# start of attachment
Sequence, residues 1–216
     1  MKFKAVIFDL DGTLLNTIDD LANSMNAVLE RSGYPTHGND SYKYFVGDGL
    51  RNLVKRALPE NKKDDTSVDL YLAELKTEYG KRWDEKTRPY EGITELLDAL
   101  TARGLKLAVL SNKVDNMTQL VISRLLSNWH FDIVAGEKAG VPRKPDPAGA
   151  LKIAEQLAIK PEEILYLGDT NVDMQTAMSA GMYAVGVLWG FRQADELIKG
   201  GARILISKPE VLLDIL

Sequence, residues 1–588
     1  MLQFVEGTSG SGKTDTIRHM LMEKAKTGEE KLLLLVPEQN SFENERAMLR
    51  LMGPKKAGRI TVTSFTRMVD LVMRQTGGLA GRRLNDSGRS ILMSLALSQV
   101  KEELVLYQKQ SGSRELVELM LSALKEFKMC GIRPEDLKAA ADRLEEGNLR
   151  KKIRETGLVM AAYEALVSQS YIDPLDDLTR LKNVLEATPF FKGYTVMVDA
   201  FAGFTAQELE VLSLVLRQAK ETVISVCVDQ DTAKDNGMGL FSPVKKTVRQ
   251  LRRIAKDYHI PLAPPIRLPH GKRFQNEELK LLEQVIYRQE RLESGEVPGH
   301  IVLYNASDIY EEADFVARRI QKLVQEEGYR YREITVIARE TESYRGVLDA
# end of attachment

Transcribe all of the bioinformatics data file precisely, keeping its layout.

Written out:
Sequence, residues 1–216
     1  MKFKAVIFDL DGTLLNTIDD LANSMNAVLE RSGYPTHGND SYKYFVGDGL
    51  RNLVKRALPE NKKDDTSVDL YLAELKTEYG KRWDEKTRPY EGITELLDAL
   101  TARGLKLAVL SNKVDNMTQL VISRLLSNWH FDIVAGEKAG VPRKPDPAGA
   151  LKIAEQLAIK PEEILYLGDT NVDMQTAMSA GMYAVGVLWG FRQADELIKG
   201  GARILISKPE VLLDIL

Sequence, residues 1–588
     1  MLQFVEGTSG SGKTDTIRHM LMEKAKTGEE KLLLLVPEQN SFENERAMLR
    51  LMGPKKAGRI TVTSFTRMVD LVMRQTGGLA GRRLNDSGRS ILMSLALSQV
   101  KEELVLYQKQ SGSRELVELM LSALKEFKMC GIRPEDLKAA ADRLEEGNLR
   151  KKIRETGLVM AAYEALVSQS YIDPLDDLTR LKNVLEATPF FKGYTVMVDA
   201  FAGFTAQELE VLSLVLRQAK ETVISVCVDQ DTAKDNGMGL FSPVKKTVRQ
   251  LRRIAKDYHI PLAPPIRLPH GKRFQNEELK LLEQVIYRQE RLESGEVPGH
   301  IVLYNASDIY EEADFVARRI QKLVQEEGYR YREITVIARE TESYRGVLDA